The regulatory environment in the US is generally pro-competitive. If there is a problem with the 1996 Telecom Act, it is that it tries, perhaps too hard, to accommodate competitive entry through a variety of means, including the resale of finished services, resale of ILEC network elements and of course fibre facilities-based competition. In the long run, the true competitive choice for business and residential customers can only be achieved, if companies like ours continue to invest in facilities. Unfortunately, the policies and prices associated with resale are sometimes inconsistent with polices that would encourage investment in facilities. If regulators keep an eye on the policy requirements for achieving long-term fibre, facilities-based competition, as they deal with the ILECs/IXC efforts to remain revenue neutral and reduce access charges, then we can succeed in the current regulatory framework. Assuming this "if", such an observation would be correct, even if the RBOCs secure their Section 271 approvals.
What are your views on DSL technology? How do you view DSL providers such as Covad, Rhythm NetConnections and Northpoint? How big a technological advantage is the ability to offer remote provisioning to customers?
There is a substantial opportunity for DSL services. It is a very high-growth area. I believe that DSL is geared primarily towards small business and work-at-home environments. Typically, the customers we sell to are looking for fibre. So it is really a different competitive market. The biggest obstacle faced by DSL providers is no different than the largest obstacle faced by the CLEC industry: that is, they need to be able to scale the back office to support and deploy the volume of services that they are projecting to meet their business plans. This, combined with the price depression that the LECs are putting on DSL services, will be the primary challenge for DSL providers. I think that it is difficult, when the success of your business plan depends on a vendor that is also your biggest competitor.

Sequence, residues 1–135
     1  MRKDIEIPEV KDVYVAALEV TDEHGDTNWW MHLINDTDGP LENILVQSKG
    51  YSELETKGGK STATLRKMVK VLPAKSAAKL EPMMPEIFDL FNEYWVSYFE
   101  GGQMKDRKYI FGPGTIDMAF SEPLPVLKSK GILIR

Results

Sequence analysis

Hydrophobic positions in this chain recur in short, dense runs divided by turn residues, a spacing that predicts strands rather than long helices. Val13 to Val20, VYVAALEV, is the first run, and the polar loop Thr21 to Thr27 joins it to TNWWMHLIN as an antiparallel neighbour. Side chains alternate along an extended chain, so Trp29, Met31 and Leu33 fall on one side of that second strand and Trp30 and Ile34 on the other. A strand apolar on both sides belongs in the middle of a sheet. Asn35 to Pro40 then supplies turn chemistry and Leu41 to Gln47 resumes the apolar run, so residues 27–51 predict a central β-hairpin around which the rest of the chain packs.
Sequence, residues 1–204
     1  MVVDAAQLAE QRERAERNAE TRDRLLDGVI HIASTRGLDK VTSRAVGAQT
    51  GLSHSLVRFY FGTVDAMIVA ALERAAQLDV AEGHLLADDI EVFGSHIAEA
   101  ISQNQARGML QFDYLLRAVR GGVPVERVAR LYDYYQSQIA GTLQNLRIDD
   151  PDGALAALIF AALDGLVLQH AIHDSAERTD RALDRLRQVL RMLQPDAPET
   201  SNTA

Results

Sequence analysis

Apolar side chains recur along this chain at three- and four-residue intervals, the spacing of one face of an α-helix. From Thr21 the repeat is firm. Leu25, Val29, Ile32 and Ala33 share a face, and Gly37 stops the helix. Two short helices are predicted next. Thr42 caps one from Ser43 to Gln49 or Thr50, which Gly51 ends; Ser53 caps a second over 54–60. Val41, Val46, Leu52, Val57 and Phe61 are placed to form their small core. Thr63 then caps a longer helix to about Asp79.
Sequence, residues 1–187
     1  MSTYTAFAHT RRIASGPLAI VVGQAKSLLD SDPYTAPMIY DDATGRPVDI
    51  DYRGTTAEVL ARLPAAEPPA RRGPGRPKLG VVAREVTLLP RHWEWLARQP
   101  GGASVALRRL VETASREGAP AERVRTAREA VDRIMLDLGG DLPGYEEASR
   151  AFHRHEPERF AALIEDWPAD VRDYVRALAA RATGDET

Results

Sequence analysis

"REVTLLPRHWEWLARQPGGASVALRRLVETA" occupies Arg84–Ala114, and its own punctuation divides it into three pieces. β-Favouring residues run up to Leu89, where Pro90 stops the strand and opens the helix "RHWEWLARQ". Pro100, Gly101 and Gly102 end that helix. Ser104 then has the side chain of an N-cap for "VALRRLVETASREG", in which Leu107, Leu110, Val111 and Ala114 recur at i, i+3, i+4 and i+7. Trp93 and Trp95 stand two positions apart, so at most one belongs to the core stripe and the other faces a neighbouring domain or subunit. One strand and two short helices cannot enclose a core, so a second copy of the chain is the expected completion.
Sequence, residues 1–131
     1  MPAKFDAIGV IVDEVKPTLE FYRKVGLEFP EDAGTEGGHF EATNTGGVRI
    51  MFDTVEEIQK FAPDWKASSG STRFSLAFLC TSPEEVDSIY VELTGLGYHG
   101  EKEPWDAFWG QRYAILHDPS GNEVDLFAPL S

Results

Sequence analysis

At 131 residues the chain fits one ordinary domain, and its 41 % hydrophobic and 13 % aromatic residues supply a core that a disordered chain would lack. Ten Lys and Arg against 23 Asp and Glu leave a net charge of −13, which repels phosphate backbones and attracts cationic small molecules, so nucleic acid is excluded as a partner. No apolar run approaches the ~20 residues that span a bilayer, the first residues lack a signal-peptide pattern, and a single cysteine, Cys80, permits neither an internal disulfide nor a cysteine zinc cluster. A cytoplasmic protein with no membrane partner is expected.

We provide remote provisioning today. I don't know many of our competitors that actually do this as well. It is a significant advantage for us. It allows us to respond to customer troubles without rolling a truck. It allows us to turn up new services without putting a technician on site.
We had a situation about 18 months ago in one of our cities, where we had a customer on an emergency E911 centre trying out a digital PBX trunk from us. Several months after the service was active, the Bell central office in that city had a power failure and the rest of their DS-3 service went down. The customer contacted us and asked if we could help them. As we had the electronics at that location and had remote provisioning from Denver, we were able to turn up their entire DS-3 facilities within 45 minutes, which was simply incredible. We have many, many stories like that. You can only deliver this level of service if you have the fibre network in place with remote provisioning.
Will your future success be dependent on building a national footprint? Would you expand beyond your targeted amount of cities if revenues continue to grow above expectations?
I am not a big believer in the precept that bigger means better. Our success is based on providing quality local service. The addition of new cities that are individually successful adds to our growth as a company. We are a local company that provides the local communications backbone for local businesses. We build our business by being successful in each market that we enter. We build one city at a time.
Will we expand beyond our targeted number of cities if revenues continue to grow? Absolutely. We have a successful strategy and stringent disciplined business plans that maintain our focus on being EBITDA positive with strong revenue growth.
Which efficiency benchmarks do you use?
We measure our progress by our revenue growth and the margins that we can obtain from our various product lines. We have a very strict internal rate-of-return model. Most of our capital expenditures are success-based. This is a very aggressive growth model. We have achieved positive cash flow in some of our cities within as little as 11 months. On average we plan to achieve positive cash flow in about 20 months in each city. That is much more aggressive than most of our fibre-based competitors.